School Children with Diabetes: Study Finds Better Control with Higher Self-Responsibility

Keith Syverson by Keith Syverson

Surveys have shown that the vast majority of teachers know of at least one student in their school with a chronic illness.  Several studies have investigated the administration of medication in schools from the perspectives of principals or of school nurses, but few studies exist on how students and parents feel about this issue.  A 2008 study in the Journal of School Nursing went directly to the source, interviewing students with diabetes, asthma, and ADHD in order to determine the "types of problems and mistakes [they] experience with their medicines at school."  The group of researchers included pharmacologists and a professor of nursing.  They reached conclusions that surprised them but correspond to modern recommendations for diabetes care.

The researchers initially assumed that the higher the level of responsibility a student has for his or her medication administration, the greater the child's "risk factor index" and the greater the chance of medication error.  The authors state that this index is a combination of risk factors previously identified in the literature and "the collective clinical experiences of the authors."  These included whether the child: transports his or her own medication to school, stores his or her own medication within reach, and whether the child self-administers his or her own medication.  The researchers found that students with diabetes have the highest degree of self-responsibility and thus, as a group, have the highest risk factor index.  Contrary to the initial assumption that a high degree of self-responsibility put the student at a high risk for medication errors, the researchers found that diabetic students had the lowest prevalence of medication error. In contrast, a higher prevalence of errors was reported among children with ADHD who had the least amount of self care responsibility.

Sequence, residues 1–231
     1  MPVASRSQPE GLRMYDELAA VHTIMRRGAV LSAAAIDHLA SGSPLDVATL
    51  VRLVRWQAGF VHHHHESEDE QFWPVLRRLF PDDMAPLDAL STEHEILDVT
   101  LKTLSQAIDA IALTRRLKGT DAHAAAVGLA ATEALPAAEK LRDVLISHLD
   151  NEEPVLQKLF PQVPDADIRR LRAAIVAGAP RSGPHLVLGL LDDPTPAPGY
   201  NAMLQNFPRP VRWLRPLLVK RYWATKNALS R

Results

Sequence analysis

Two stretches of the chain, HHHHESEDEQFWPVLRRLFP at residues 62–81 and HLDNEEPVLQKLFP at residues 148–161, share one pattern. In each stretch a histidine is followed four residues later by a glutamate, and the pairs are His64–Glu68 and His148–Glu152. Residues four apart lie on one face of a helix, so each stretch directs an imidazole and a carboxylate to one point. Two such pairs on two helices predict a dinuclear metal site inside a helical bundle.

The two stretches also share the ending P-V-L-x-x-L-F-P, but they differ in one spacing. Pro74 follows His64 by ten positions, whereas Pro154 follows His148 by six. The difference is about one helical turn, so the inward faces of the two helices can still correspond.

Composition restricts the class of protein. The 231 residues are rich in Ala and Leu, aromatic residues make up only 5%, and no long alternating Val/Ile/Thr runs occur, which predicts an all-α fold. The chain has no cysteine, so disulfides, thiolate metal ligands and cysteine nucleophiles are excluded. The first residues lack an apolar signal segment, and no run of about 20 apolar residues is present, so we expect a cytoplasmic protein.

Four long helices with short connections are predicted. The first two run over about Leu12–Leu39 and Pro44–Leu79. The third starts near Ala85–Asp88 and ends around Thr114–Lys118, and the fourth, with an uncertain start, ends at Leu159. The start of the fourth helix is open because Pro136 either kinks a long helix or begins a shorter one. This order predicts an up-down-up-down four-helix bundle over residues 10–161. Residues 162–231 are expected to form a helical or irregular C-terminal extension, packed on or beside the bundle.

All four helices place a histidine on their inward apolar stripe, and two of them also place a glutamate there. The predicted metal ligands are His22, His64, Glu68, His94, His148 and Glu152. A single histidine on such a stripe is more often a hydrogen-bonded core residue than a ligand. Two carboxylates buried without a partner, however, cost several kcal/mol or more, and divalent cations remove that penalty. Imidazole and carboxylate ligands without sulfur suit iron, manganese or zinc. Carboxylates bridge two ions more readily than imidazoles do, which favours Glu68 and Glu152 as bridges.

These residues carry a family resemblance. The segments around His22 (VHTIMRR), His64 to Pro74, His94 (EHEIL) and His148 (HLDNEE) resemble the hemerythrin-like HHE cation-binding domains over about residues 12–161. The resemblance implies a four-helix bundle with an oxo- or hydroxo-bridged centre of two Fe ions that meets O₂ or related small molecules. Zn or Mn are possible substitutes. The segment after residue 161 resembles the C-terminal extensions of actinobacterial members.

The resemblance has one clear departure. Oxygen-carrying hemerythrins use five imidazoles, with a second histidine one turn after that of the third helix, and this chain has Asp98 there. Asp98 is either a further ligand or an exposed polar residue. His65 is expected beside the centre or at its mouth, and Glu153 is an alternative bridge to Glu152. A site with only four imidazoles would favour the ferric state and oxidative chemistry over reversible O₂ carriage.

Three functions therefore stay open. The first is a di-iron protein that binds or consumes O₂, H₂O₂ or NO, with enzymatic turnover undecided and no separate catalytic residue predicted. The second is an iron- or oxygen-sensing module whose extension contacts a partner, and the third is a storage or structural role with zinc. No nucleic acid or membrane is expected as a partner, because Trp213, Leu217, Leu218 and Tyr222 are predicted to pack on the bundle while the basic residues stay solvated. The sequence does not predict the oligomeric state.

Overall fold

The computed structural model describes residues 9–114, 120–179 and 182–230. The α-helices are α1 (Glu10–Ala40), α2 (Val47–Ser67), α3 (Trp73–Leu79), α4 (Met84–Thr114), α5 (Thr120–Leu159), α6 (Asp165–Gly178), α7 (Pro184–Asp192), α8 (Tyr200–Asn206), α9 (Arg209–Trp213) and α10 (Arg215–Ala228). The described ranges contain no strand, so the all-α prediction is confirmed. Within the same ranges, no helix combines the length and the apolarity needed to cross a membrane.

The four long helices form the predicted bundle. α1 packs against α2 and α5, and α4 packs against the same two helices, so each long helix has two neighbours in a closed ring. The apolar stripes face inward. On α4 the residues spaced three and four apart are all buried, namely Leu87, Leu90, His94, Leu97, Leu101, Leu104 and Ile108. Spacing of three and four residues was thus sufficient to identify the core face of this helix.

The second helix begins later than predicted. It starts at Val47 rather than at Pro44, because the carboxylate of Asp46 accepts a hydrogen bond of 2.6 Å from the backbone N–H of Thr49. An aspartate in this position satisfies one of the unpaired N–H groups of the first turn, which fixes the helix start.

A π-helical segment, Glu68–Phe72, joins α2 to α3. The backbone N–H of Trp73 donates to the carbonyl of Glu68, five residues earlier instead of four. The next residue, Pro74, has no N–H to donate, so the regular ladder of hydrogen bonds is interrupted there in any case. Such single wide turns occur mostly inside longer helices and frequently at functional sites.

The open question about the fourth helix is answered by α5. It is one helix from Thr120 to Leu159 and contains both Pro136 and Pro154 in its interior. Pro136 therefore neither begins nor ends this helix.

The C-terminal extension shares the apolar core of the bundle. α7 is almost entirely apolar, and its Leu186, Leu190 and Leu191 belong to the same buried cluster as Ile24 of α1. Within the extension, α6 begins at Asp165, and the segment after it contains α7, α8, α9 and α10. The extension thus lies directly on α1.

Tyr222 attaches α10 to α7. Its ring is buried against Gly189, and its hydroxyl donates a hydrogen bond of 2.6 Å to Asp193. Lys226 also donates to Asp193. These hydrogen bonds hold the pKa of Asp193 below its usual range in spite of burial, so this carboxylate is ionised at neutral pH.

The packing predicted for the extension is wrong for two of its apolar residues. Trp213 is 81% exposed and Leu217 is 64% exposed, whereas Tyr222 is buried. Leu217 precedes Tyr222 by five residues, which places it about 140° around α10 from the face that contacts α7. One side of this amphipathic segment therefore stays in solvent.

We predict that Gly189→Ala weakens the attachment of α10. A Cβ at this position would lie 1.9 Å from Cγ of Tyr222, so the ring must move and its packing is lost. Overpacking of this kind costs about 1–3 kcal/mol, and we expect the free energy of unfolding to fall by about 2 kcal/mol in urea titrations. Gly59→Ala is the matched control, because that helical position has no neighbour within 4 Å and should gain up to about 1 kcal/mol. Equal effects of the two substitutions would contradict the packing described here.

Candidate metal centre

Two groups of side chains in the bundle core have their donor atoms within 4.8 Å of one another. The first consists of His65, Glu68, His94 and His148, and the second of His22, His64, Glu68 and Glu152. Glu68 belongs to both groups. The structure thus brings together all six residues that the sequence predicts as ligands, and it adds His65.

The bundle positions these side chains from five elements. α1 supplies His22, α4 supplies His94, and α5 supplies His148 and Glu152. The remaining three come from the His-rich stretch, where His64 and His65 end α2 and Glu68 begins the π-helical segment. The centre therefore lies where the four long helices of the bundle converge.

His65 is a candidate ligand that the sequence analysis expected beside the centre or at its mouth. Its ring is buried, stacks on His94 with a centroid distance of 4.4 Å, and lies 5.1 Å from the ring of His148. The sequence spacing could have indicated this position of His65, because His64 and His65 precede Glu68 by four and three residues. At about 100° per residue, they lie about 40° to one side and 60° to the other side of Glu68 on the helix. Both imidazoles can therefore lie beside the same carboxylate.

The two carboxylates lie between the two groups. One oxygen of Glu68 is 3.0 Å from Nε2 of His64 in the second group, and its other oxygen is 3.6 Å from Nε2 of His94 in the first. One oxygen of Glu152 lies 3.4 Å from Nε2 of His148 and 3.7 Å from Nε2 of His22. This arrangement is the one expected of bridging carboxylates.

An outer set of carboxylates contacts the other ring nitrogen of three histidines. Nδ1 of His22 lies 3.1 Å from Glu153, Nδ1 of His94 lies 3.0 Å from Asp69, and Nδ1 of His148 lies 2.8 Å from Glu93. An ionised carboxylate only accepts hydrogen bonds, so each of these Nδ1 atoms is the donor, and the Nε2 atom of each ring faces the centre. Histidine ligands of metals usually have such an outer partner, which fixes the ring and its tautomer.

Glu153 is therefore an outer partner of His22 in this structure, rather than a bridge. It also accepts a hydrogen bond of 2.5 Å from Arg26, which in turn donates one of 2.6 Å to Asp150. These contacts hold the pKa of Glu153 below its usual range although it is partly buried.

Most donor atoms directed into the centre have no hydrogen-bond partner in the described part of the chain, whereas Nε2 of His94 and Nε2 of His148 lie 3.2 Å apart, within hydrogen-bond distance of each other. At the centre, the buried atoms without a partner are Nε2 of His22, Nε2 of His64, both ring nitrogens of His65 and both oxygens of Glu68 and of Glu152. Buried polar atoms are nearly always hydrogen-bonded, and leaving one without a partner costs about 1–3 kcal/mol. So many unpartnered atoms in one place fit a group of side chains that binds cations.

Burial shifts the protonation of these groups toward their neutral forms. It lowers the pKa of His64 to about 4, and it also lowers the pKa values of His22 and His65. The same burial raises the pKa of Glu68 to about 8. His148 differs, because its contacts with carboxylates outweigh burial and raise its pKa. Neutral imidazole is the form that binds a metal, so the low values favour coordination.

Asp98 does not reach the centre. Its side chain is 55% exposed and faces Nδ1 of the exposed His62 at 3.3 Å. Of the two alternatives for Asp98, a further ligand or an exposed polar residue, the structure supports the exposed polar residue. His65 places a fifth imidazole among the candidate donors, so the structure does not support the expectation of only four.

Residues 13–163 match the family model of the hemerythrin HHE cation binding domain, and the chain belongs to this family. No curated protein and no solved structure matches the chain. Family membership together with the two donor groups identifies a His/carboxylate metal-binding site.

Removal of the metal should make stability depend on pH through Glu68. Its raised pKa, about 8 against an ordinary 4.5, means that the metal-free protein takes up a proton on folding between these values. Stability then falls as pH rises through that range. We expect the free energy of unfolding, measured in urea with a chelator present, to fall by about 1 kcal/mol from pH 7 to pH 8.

The authors argue that this is a "positive finding in light of recent support for students with … diabetes to be more involved in self management" and further suggest that "[p]erhaps children with diabetes should be given more responsibility."  Such findings are consistent with the American Diabetes Association (ADA)'s Position Statement on Diabetes Care in the School and Day Care Setting, which suggests that students, to the extent possible, should manage their own care under the oversight of adults.  Similarly, other studies have indicated that the flexibility for students to manage their diabetes in the school setting decreases anxiety and correlates with improved diabetes management.

Currently, seventeen states implicitly or explicitly allow a student with diabetes to provide some sort of self care to himself or herself (Alabama, California, Connecticut, Hawaii, Indiana, Massachusetts, Nebraska, Nevada, New Jersey, Oklahoma, Rhode Island, South Carolina, Tennessee, Texas, Utah, Washington, and Wyoming).  The level of self care allowed to the student by statute varies.  For example only ten states specifically allow self-testing of blood glucose levels (California, Connecticut, Indiana, Massachusetts, Oklahoma, Rhode Island, Tennessee, Texas, Utah, and Washington) and still fewer states allow the self-administration of insulin.

Students with diabetes who are not lucky enough to be residents of these 17 states may be at an increased risk for medication error in school because of their inability to exercise a proper degree of self care.  These findings highlight the importance for passing legislation that allows students to properly care for themselves in the school setting.

Keith Syverson is a first year law student at Chicago-Kent College of Law.  He received his Bachelor of Science from the University of Rochester in May 2008, where he studied Molecular Genetics.  Keith has been a research assistant at the Institute for Science, Law and Technology since October 2008.  His interests lie in the legal and ethical implications of genetic technologies.

0 thoughts on “School Children with Diabetes: Study Finds Better Control with Higher Self-Responsibility

  1. This article is very related to my interests. I have a child of which has ADHD which is not related in any way to Diabetes but among some of the practices we have is managing his diet to allow better control over his glucose intake and therefore reduce the symptoms to hyperactivity. Self responsibility is top priority on his list of succeeding in life.

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